How speech pathologists and occupational therapists work with writing

Why is writing so tricky for many kids?

Writing is a multilayered process that requires a child to integrate skills from multiple areas to produce a cohesive piece of text. 

Children need to;

  • Understand what type of writing they are trying to produce; e.g. a story, information report, persuasive & know the difference between them
  • Understand & start to predict what parts go in these different types of writing.  E.g. narrative has characters & plot, information has subheadings and detail, persuasive has opinions
  • Organise their thoughts into a sequenced idea 
  • Form ideas into logical sentences that flow well together, across paragraphs to bring their ideas to life
  • Isolate the words within the sentence
  • Sound out, or recall, the sounds that go inside the word they are trying to write whilst simultaneously holding the rest of the sentence in mind
  • Recall & execute the motor plans for the handwriting of the letters in the word
  • Repeat, until the sentence, paragraph & text is finished.


As you can see, there’s a large number of mental processes, involving language and memory that need to happen all at once, alongside motor planning elements, and of course, attention, concentration and motivation.


So how can Speech pathologists help?


Speech Pathologists are generally a great go-to first step to analyse why writing is difficult for children.


Speechies investigate;

  • The child’s abilities to construct sentences that are well organised, complex, and grammatically correct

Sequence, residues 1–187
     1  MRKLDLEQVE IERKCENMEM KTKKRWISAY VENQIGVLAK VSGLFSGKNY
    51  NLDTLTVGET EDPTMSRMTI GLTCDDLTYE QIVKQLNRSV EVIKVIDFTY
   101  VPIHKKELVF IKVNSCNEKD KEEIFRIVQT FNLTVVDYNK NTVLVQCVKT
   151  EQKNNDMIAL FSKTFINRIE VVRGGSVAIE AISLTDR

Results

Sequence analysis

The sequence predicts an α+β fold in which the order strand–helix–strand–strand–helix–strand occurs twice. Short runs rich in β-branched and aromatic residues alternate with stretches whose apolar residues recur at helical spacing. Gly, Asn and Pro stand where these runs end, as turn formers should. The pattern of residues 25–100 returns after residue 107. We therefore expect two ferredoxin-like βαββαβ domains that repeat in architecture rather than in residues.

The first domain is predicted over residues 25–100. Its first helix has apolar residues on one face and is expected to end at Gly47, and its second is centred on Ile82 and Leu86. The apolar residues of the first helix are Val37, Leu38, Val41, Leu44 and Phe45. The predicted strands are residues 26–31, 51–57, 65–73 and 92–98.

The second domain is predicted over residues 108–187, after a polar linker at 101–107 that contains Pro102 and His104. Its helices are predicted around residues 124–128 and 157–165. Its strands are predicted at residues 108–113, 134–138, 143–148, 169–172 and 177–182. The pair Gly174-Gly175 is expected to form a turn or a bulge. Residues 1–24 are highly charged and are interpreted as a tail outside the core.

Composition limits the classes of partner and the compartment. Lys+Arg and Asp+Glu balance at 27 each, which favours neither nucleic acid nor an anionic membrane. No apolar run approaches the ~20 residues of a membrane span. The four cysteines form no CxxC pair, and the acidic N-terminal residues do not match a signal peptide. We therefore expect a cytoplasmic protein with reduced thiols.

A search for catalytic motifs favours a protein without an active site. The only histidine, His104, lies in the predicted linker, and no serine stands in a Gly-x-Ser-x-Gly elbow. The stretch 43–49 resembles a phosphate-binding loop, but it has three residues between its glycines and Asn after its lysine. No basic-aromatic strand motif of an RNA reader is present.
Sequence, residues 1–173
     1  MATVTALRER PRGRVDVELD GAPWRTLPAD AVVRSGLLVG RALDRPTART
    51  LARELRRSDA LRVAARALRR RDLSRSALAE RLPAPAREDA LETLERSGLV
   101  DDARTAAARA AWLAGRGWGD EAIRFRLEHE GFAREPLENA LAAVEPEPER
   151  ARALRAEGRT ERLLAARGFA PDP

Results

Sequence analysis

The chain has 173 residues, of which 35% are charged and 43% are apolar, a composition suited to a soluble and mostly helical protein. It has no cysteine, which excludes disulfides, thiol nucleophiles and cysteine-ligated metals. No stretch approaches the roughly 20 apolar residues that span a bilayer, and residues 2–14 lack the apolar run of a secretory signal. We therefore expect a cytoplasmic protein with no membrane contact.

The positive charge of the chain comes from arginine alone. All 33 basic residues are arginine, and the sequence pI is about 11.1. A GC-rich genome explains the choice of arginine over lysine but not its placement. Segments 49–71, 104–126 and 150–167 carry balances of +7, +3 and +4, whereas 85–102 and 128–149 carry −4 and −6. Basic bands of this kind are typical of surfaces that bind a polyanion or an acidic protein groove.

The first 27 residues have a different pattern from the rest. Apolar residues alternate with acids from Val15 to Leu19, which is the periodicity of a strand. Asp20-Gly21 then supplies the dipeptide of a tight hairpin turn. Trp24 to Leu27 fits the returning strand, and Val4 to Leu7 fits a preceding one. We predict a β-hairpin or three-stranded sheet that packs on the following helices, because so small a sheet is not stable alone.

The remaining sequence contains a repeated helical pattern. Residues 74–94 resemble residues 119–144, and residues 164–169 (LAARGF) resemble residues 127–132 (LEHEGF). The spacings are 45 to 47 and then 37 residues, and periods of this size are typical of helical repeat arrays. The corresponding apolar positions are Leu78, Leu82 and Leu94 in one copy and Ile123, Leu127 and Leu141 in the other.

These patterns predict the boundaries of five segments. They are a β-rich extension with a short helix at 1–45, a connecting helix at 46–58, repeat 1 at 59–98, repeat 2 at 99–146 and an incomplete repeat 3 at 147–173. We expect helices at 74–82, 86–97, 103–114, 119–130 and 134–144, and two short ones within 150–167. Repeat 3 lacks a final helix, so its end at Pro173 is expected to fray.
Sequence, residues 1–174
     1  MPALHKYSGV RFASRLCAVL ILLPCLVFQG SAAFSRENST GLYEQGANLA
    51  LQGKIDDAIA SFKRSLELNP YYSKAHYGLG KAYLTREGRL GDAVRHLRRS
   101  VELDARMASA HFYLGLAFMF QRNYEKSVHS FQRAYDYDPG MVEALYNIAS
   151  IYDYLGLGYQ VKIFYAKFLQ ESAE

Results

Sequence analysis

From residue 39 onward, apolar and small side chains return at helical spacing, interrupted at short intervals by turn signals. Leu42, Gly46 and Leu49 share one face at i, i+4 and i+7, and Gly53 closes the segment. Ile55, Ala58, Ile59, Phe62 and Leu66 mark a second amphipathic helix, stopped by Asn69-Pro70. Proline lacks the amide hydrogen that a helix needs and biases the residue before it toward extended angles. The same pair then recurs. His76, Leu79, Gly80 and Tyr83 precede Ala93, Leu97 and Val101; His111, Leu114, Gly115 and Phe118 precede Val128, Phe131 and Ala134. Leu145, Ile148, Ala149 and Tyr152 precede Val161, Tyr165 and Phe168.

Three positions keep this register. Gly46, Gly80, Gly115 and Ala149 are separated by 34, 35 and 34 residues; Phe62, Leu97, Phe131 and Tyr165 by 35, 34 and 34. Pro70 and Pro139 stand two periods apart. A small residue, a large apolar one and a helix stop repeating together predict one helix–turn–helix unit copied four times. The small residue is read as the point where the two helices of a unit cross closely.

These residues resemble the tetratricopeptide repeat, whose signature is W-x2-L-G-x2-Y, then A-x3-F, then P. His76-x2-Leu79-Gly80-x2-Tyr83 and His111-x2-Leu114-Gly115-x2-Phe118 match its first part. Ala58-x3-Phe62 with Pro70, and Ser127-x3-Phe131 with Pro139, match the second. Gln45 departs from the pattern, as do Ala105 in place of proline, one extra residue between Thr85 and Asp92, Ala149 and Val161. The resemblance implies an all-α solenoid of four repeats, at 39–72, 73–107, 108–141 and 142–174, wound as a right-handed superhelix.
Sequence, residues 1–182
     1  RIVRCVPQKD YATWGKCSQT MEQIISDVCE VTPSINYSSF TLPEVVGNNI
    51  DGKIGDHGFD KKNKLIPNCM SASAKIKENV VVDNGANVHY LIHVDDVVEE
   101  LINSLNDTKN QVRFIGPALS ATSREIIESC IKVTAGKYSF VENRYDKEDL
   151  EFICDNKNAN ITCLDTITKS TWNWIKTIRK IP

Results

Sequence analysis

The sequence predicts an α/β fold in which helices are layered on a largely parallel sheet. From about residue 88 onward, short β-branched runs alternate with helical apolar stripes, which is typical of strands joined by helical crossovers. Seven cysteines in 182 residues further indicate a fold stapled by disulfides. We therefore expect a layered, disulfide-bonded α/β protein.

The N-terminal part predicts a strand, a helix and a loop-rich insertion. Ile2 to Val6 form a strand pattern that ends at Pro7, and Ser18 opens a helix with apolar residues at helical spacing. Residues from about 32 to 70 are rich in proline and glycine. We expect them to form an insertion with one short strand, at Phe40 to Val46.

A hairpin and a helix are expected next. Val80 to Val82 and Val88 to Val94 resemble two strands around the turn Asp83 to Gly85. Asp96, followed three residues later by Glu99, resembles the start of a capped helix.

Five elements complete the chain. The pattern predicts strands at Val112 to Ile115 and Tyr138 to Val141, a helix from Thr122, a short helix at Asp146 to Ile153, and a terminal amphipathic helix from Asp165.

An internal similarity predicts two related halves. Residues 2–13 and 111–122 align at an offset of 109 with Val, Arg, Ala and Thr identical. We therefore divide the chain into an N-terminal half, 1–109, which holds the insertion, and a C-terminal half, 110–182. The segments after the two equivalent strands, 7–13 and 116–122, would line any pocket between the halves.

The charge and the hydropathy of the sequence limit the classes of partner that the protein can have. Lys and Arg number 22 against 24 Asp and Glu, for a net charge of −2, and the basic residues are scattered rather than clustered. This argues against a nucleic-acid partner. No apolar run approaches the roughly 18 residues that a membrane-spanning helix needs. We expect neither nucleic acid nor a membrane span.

• The narrative, and descriptive skills required in producing connected paragraphs
  • The memory, phonics & spelling skills required to spell efficiently and correctly 


Occupational Therapists also help!


OT’s can support children with the motor planning & organisational aspects of writing such as;

  • Sizing, spacing, placement of letters on the lines
  • Ability to correctly and fluidly form letter shapes
  • Ability to stay organised, on task, and complete an activity to the end
  • Ability to regulate emotions throughout the task, to remain on track


Writing is such a critical skill not just for academics, but also for life.  The ability to communicate successfully in written form supports children to express themselves and create social connections, alongside participating academically.


Early assessment and intervention for writing can help children develop the skills required, and support their feelings of success and motivation for writing tasks.

For more information, see this blog on OT tips for pencil grip, or this blog on how SPs help kids with literacy.

Any questions, our Client Care team is always ready to help!

Marion Giddy

Director & Speech Pathologist